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West Virginia Leaders Come to North Carolina to Urge North Carolina Leaders to Preserve Judicial Public Financing
For immediate release.
May 20, 2013
Contact: Bryan Warner, N.C. Center for Voter Education, 919-783-8811 or firstname.lastname@example.org
Advisory: The Conservative Argument - A Chance to Hear from Republicans on Why They Support Judicial Public Financing
RALEIGH–While the future of North Carolina’s system of public campaign financing hangs in the balance, respected Republican leaders from West Virginia, including a former member of the West Virginia Supreme Court and a current member of the state legislature, are coming to Raleigh to make the case for judicial public financing.
Faced with the damaging influence of special interest money in judicial elections, West Virginia looked to North Carolina’s exemplary judicial public financing program to protect the integrity of its courts, recently enacting a law based on North Carolina’s model. North Carolina’s public financing system is now threatened by pending legislation in the General Assembly.
WHAT: Press call to discuss the conservative argument for judicial public financing
WHEN: Wednesday, May 22, at 10:30 a.m.
WHERE: Please RSVP to email@example.com for call-in info
WHO: The press call will feature former West Virginia Supreme Court Justice John F. McCuskey. He served on the West Virginia Independent Commission on Judicial Reform, which was tasked with evaluating that state’s court system and recommended adopting a judicial public financing program modeled after North Carolina.
Also taking part will be Hon. John B. McCuskey, a Republican member of the West Virginia House of Delegates who was recognized this year as one of the nation’s top rising young conservative leaders by the American Conservative Union.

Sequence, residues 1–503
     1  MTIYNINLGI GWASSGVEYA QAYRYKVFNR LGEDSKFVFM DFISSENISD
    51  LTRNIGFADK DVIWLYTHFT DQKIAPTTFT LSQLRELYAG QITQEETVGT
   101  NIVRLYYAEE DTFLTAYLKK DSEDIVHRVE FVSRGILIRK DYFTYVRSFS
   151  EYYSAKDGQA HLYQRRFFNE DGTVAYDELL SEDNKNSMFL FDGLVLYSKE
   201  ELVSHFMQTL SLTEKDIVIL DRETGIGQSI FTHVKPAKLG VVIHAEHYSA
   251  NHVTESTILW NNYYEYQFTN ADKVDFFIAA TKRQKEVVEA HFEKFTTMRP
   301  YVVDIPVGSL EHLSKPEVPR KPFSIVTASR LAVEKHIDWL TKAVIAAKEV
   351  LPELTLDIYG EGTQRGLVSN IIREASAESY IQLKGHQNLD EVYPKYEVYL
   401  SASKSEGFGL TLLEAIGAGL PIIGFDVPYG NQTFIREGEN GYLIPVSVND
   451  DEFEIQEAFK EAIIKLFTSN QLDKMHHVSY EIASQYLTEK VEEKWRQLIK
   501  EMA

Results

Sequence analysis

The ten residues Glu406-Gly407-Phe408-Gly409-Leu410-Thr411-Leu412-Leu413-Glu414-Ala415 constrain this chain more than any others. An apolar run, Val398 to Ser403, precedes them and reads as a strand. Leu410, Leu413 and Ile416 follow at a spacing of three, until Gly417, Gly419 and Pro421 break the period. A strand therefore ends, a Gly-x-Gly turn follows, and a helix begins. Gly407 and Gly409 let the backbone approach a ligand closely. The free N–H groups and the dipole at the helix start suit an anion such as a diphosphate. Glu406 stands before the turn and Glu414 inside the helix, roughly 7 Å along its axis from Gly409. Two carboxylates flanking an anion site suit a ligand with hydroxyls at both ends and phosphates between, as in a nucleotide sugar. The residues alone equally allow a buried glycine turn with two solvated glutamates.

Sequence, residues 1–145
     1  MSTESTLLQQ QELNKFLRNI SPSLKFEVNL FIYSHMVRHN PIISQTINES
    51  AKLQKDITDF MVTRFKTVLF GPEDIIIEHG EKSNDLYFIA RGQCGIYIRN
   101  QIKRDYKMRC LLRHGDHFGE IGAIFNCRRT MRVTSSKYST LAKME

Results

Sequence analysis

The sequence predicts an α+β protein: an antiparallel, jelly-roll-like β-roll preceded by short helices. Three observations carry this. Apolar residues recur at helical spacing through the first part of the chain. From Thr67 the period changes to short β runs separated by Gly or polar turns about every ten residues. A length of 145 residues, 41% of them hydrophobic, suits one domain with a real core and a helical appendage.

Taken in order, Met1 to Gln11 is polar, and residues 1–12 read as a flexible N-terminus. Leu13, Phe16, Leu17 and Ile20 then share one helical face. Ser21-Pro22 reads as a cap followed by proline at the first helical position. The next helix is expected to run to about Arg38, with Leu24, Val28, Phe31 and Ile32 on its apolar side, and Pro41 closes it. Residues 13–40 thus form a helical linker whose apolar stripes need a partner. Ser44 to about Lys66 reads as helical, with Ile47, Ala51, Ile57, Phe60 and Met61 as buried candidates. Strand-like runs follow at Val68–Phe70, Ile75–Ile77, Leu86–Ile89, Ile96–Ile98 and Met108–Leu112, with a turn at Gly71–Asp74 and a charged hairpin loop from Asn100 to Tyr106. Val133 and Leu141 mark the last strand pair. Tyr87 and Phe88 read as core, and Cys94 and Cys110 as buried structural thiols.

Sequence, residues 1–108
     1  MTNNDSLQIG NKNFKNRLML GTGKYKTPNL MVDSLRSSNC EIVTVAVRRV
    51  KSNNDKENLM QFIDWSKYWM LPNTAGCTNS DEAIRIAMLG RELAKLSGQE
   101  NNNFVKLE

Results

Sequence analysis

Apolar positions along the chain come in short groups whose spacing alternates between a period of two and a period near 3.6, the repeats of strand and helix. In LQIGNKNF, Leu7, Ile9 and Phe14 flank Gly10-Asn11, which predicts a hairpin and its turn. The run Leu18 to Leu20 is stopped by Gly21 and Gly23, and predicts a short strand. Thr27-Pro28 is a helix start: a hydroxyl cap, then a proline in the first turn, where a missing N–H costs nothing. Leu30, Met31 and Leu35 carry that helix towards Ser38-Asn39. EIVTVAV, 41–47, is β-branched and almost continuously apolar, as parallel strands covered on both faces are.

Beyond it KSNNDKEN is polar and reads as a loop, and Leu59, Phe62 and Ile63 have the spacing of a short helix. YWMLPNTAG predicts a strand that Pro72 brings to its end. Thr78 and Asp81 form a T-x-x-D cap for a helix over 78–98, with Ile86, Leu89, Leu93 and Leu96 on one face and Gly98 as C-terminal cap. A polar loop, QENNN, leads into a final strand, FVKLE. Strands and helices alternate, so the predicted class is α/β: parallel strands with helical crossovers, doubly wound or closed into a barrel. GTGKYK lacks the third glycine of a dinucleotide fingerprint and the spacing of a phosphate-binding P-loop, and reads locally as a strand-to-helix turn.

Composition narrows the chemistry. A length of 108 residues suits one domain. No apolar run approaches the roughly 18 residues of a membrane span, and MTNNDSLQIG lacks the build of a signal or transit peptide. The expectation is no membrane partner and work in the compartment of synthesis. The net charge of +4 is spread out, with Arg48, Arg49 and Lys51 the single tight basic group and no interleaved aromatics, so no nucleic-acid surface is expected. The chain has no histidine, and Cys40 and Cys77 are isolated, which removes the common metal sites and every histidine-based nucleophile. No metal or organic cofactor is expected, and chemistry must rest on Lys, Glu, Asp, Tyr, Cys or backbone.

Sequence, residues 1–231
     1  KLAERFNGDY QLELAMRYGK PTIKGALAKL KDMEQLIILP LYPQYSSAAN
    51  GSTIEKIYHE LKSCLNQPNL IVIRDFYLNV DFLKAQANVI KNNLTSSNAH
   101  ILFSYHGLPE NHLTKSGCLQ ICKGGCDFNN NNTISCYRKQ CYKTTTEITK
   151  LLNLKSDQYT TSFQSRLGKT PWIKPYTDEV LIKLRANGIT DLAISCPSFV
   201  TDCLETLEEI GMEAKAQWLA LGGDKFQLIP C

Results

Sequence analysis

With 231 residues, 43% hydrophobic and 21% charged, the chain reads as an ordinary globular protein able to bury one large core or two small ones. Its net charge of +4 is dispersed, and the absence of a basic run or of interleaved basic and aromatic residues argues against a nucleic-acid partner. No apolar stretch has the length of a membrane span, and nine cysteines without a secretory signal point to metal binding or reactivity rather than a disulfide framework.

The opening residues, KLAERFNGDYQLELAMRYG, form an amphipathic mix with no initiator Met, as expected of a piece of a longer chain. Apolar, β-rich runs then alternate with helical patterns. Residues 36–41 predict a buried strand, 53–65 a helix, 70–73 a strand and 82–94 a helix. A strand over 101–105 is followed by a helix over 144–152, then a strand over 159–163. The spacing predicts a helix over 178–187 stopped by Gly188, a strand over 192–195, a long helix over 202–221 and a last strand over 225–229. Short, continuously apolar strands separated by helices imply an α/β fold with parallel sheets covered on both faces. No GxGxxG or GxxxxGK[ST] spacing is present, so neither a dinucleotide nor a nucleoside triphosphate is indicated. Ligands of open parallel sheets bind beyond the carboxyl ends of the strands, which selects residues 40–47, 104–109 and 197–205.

In addition, N.C. Court Appeals Judge Wanda Bryant will provide her perspective as a candidate who has run for the Court of Appeals under the old financing system and participated in North Carolina’s judicial public financing program.
The press conference is organized by the nonpartisan N.C. Center for Voter Education.
WHY NOW: The N.C. General Assembly is considering proposals that could end North Carolina’s innovative judicial public financing program, potentially undermining citizen confidence in the fairness of our state courts.
At the same time, this year West Virginia, with bipartisan support, permanently adopted a judicial public financing system modeled after North Carolina after a trial period in 2012.
North Carolina’s judicial public financing program has been a proven success since it was implemented in 2004. The program has been used by 80 percent of appellate court candidates since its launch, including all eight eligible candidates in 2012. It is also supported by 68 percent of North Carolina voters, including 67 percent of Republicans, 69 percent of Democrats and 65 percent of unaffiliated voters, according to a recent poll commissioned by the N.C. Center for Voter Education.